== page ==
And last but most definitely not least, I always adore the introductions that scholar and researcher Elizabeth Crawford writes for us. In her previous work for us, she has unearthed the most amazing details and tidbits about Rachel Ferguson, Winifred Peck, Elizabeth Fair, and Elizabeth Eliot, and this time around she's doing triple duty, writing intros for BARBARA BEAUCHAMP's Wine of Honour, SUSAN ALICE KERBY's Miss Carter and the Ifrit, and one of this batch's most anticipated titles, MARJORIE WILENSKI's Table Two. Probably needless to say that I haven't read any of these yet either, as Elizabeth has her work cut out for her, but I'm so thankful that she was up for the challenge and I have no doubt the results will be riveting.
Finally, after giving you all of this wonderful news and teasing you with the lovely covers (if I do say so myself), I have just the tiniest bit of bad news. We knew we were taking on a big job tackling nine titles by eight different authors all at once—eight different sets of rights situations to sort out, eight different intros, etc. But we still just slightly underestimated the amount of work involved (and when I say "we", I should really be acknowledging that it's Rupert at Dean Street Press who's been bearing the brunt of it all!). As a result, these new titles, which I had originally announced for early July, have now been reset for an early August release—just in time for lazy summer holidays! Queue mournful violin music. I'm so sorry for the delay, but hopefully the anticipation will make these books taste all the sweeter.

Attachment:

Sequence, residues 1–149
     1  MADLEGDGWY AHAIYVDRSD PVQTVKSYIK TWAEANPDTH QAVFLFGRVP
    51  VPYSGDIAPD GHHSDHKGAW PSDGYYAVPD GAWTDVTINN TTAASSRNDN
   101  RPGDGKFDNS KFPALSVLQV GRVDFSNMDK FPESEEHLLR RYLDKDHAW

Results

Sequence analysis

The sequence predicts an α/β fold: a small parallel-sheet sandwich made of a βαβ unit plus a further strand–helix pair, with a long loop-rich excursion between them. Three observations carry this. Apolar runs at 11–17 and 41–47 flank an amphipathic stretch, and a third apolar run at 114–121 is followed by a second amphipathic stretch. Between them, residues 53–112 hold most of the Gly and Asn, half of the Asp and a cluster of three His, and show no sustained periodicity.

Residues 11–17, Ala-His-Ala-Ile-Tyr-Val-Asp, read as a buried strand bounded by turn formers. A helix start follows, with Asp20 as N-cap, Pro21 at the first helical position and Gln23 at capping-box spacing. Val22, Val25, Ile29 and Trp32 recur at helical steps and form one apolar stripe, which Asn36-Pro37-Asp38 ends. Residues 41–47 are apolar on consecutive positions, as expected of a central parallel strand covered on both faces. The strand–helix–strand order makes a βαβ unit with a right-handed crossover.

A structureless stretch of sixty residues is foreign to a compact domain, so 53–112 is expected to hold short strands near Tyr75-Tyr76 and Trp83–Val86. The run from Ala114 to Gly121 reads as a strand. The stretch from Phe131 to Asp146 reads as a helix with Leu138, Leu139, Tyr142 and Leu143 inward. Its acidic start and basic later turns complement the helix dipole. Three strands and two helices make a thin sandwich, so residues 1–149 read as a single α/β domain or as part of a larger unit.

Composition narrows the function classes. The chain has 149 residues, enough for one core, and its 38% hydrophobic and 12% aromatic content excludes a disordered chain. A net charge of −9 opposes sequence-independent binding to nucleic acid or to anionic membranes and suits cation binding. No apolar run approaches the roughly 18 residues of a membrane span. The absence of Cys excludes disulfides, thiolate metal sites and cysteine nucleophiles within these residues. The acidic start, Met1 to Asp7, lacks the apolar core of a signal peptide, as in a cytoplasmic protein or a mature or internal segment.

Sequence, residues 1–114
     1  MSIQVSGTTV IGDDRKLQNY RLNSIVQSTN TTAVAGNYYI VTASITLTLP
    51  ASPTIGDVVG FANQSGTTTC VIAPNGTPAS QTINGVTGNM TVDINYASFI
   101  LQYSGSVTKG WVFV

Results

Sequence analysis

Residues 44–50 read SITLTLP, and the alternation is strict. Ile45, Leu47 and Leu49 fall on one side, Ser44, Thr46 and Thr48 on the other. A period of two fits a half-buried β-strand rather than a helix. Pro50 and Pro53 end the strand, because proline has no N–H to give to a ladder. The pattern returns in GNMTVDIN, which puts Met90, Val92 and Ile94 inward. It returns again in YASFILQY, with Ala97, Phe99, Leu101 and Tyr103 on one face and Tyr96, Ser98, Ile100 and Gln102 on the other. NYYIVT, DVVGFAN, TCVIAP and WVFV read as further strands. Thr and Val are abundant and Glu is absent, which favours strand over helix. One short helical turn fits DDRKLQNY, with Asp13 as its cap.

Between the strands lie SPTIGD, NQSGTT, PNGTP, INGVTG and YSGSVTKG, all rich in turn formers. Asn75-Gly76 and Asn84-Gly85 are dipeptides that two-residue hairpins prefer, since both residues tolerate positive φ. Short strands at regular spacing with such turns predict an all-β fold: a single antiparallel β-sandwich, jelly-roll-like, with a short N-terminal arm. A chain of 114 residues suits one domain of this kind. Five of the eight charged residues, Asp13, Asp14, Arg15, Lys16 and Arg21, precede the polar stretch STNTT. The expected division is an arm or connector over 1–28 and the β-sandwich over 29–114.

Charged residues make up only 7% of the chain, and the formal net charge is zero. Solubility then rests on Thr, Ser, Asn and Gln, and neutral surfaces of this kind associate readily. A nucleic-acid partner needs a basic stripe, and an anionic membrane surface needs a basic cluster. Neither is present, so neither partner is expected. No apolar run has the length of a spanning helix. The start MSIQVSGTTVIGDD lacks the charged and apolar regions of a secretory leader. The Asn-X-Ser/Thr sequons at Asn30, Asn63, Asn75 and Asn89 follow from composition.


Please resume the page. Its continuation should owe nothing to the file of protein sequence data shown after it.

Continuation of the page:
Now, I hope you're as pleased with these covers as I am. I'd like to note that the covers for Spam Tomorrow and Peace, Perfect Peace incorporate the artwork from the original dustjackets, which turned out quite nicely I think. The others are an array of mostly wartime artists—it's amazing how poignant yet beautiful bomb damage can be when painted by a brilliant artist, and the "business as usual" image for Miss Carter, which I had never seen until I stumbled across it searching for appropriate cover art, is one of my favorite "stiff upper lip" images. Eric Ravilious, whose ravishing paintings we've used for several previous books, seemed a perfect choice for the two cheerful Oman titles, and if the eerily beautiful Milena Pavlović-Barili work used for Visiting Moon is a bit more surreal than our norm, it's also somehow perfectly fitting for this tale of a young woman celebrating her 18th birthday with World War II looming in the background (and it even includes the visiting moon).